History 203
Dimensions of History
Roger Williams University
11:00-12:30, T, Th
CAS 222
Fall Semester, 2002
Michael R. H. Swanson, Ph. D.
Office:  CAS 110
Hours:  T, Th, F 9:00-10:00
M, 12:00-1:00
Phone 401 254 3230
E-mail: hist203@tiac.net
Examines the basic concerns of historians in the modern world, focusing on the development of history as an academic discipline, philosophies of history, and elements of historical method (research, writing, and analysis) 3 credits.


Davidson, James W., and Lytle, Mark H.
After the Fact: The Art of Historical Detection
New York: McGraw Hill College Division, 2000

Rutherfurd, Edward
New York: Fawcett Books

Fisher, David Hackett,
              Historian's Falacies:  Towards a Logic of Historical Thought
              New York:  Harper Perennial, 1970

Some Opening Remarks

The world of knowledge has changed dramatically since I began teaching 30 years ago.  The major change ("revolutionary" is not too strong a word) is the explosion of access to information of all sorts.  Regardless of who "invented" the information highway, we're all on it, or at least on its shoulder, and I don't believe we can survive doing the "same old, same old" much longer.  Consequently, I've requested a special room with computer access for all, and information retrieval, evaluation, and dissemination will be central to this experience. 

Integrating new techniques with old ones is a risky business.  I think this is a good course to use to stretch our capacities: it is a requirement only of the history major, and elective for everyone else.  This means that those of you who are not majoring in history don't have to be here unless you want to be here.  Those of you who are majoring in history should find the research techniques and methodologies very useful for the upper level courses.  Hopefully, the rest of you will find them useful, too.

Expectations of the Course

The catalogue description I've reproduced above is a good summary of what we'll be doing in this course.  In addition, I want to explore some of the ways non-academic history interacts with the lives of people outside the bounds of a campus like our own.  Large numbers of people who never have enjoyed studying history find experiencing it enjoyable and interesting.  Popular fiction and movies on historical themes draw large audiences (Brave Heart, for example, or The Madness of George III, which we'll watch in class), and historical tourism is a booming business. 

Each of the three main books in this course is designed to give us opportunities to experience academic history and explore its connections with life in general.  After the Fact will introduce us to a number of the problems of historical method and to a wide variety of theoretical approaches to the study of the past. Its 15 chapters provide a chronological exposure to American history, but they are independent of each other and each tells its own story.  Those of you who have had U. S. History I and II will have some advantage in background, but I am confident you won't find it the story repetitive.  Those who have not had those courses will not be at a disadvantage.  We will read most of this book, with class discussions led by teams of class members.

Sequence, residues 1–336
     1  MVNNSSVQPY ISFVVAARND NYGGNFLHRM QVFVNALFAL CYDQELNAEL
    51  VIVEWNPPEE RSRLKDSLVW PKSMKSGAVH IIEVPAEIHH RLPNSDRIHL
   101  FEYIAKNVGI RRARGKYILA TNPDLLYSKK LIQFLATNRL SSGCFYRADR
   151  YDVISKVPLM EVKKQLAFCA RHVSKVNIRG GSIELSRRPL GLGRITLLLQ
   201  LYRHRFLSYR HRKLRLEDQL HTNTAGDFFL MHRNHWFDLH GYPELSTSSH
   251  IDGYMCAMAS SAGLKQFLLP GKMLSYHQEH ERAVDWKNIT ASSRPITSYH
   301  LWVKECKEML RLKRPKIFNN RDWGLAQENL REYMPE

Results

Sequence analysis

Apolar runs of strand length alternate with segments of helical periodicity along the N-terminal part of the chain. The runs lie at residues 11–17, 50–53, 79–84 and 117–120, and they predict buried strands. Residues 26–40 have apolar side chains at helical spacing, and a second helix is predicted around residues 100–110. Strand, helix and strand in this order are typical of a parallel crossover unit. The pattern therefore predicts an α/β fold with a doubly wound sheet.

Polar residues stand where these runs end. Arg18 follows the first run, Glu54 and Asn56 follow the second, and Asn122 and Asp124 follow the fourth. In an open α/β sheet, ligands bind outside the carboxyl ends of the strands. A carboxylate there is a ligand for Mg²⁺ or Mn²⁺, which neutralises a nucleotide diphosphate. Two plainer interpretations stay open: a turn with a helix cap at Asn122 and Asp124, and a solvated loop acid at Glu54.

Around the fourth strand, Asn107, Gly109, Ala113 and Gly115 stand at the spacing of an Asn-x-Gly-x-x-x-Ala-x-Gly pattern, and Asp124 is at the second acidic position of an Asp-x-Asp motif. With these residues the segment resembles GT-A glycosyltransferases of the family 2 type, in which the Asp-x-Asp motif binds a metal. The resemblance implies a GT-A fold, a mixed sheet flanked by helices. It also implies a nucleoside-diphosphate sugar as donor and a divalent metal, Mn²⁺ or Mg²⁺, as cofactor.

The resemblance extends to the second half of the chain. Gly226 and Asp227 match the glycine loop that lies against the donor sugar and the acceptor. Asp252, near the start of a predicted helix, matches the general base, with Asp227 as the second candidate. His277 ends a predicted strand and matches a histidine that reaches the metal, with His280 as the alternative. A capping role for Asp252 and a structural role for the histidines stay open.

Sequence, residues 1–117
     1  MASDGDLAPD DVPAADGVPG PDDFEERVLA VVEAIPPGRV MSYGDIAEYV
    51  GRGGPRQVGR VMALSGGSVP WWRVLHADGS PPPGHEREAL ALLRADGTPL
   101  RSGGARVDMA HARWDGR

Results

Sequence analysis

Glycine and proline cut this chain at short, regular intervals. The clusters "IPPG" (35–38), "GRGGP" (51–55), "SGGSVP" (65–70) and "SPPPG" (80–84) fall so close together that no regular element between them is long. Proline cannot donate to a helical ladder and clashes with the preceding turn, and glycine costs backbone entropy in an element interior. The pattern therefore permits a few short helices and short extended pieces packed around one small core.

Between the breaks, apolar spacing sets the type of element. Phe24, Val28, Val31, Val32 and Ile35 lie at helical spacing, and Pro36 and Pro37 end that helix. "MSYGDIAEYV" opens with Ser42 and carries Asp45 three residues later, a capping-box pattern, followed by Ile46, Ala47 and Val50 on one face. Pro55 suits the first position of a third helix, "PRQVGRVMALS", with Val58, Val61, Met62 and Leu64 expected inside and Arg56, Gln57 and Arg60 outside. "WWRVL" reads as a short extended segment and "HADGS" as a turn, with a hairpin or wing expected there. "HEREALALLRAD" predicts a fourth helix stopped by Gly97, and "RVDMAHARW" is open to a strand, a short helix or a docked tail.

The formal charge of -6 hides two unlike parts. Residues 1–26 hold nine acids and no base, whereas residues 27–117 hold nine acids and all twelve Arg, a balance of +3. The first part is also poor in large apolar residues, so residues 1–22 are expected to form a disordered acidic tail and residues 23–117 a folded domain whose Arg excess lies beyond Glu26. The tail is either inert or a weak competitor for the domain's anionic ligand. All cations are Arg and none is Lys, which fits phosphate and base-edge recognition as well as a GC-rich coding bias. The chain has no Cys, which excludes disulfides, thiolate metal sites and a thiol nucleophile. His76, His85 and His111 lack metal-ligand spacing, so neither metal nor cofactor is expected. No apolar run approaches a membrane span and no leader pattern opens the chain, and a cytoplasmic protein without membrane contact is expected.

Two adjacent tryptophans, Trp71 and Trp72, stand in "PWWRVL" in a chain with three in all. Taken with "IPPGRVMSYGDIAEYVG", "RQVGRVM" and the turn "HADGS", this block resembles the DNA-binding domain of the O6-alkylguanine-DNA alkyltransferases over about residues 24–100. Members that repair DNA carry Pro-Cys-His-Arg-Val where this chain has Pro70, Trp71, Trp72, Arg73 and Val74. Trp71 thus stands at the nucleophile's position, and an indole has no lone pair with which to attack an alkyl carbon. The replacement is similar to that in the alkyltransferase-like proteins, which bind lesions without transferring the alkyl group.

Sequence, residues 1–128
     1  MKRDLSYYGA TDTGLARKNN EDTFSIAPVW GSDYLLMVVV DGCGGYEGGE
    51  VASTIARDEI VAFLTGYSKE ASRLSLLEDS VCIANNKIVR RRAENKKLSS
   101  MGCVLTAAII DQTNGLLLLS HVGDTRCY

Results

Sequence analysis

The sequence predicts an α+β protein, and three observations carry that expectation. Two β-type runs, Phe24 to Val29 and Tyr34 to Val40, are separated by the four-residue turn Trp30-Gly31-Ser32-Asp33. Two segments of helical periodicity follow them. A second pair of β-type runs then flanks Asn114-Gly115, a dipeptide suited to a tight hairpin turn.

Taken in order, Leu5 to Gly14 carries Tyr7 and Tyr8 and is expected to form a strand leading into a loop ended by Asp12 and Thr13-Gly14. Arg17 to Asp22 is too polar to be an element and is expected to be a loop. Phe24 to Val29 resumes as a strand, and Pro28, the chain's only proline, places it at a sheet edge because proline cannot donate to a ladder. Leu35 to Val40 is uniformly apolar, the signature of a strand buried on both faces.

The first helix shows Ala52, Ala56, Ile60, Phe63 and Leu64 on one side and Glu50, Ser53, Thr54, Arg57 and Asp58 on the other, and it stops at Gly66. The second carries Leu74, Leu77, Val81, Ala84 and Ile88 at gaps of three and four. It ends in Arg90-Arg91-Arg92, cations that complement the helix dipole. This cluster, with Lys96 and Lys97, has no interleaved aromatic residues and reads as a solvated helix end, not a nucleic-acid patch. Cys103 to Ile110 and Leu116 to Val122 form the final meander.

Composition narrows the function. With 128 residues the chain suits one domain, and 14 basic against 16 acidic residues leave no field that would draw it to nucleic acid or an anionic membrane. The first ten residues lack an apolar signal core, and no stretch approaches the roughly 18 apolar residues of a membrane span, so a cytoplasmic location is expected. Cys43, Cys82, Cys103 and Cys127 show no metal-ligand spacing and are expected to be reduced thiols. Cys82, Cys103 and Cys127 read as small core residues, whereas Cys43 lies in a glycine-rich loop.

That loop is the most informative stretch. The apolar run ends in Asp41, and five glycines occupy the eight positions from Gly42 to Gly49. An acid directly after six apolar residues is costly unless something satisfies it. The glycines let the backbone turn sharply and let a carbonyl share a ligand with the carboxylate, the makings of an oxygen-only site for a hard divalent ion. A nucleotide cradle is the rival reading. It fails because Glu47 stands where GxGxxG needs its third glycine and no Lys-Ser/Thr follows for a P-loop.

London narrates the adventures and misadventures of about a half dozen fictitious English families through nearly 2,000 years of the development of the English Nation.  We'll make this book central to an ongoing exercise involving research and class presentations by teams of investigators.  It will also sit at the core of a paper each student will write.  These presentations and papers will build upon the factual elements in this novel, based on internet research conducted as part of the process.  The book is a fascinating exposition of fairly ordinary people caught up in fairly extraordinary events.  It is also VERY long.  I want to encourage people to get to, and through, the book in an expeditious fashion, reading it casually before returning to it with a greater eye for detail.  In order to encourage you and to apply a wee bit of the whip, there will be a series of quizzes on a regular basis between now and mid October, by which time everyone should have completed a preliminary reading.

Finally, I've added a classic study of the issues and difficulties involved in thinking historicall:  David Hackett Fisher's Historian's Fallacies.  Novelists like Rutherfurd have the god-like faculty of arranging things the way they want.   While historians might like to have the same faculty, they don't, and have an obligation to writing as truthfully as they know how to do.  On the surfact, this would seem easy enough, but as Fisher will show us, there are a million doors through which error can creep in.  This is a difficult book, as I wrote you over the summer.  But you're bright folk and I think you'll do just fine with it after you've thrown it at the wall a few times.

The Internet Component

We will be spending part of most class periods doing some internet work, and a significant part of your work outside of class will be internet based.  I have begun a website for this class: you can locate it at http://hist203.homestead.com.   After today, this site will be the controlling authority for this class.  I do not plan to hand out any more written materials except in the case of unforseen circumstances.  Having said that, I have to say that I am certain that there will be a number of unforseen circumstances: the technology of the internet is relatively new and growing by leaps and bounds.  In its history, it is about as well developed as the model T was in the history of the automobile.  We can expect machines not to work, systems to crash, websites to appear and disappear, and all sorts of other instances of Murphy's Law (anything that can go wrong, will).  We'll just roll with the punches and do our best.  UNFORTUNATELY, I have not been able to secure a computer-equipped classroom for this class, though our space is internet wired.  This means I will have to do more demonstration and there will be less hands-on time for us.  I am going to try to establish a place and time where I can offer tuturials.